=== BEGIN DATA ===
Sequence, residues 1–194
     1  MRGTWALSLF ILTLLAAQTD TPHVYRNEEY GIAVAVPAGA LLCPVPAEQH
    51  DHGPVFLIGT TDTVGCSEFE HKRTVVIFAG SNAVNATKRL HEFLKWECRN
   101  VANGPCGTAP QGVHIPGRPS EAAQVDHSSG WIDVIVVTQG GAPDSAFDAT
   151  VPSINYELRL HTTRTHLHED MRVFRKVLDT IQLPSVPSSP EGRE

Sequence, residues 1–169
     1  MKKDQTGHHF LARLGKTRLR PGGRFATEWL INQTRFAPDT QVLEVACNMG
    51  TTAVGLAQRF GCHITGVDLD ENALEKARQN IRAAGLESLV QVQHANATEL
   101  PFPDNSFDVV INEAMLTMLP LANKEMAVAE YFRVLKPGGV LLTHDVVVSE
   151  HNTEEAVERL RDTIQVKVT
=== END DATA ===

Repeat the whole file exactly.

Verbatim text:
Sequence, residues 1–194
     1  MRGTWALSLF ILTLLAAQTD TPHVYRNEEY GIAVAVPAGA LLCPVPAEQH
    51  DHGPVFLIGT TDTVGCSEFE HKRTVVIFAG SNAVNATKRL HEFLKWECRN
   101  VANGPCGTAP QGVHIPGRPS EAAQVDHSSG WIDVIVVTQG GAPDSAFDAT
   151  VPSINYELRL HTTRTHLHED MRVFRKVLDT IQLPSVPSSP EGRE

Sequence, residues 1–169
     1  MKKDQTGHHF LARLGKTRLR PGGRFATEWL INQTRFAPDT QVLEVACNMG
    51  TTAVGLAQRF GCHITGVDLD ENALEKARQN IRAAGLESLV QVQHANATEL
   101  PFPDNSFDVV INEAMLTMLP LANKEMAVAE YFRVLKPGGV LLTHDVVVSE
   151  HNTEEAVERL RDTIQVKVT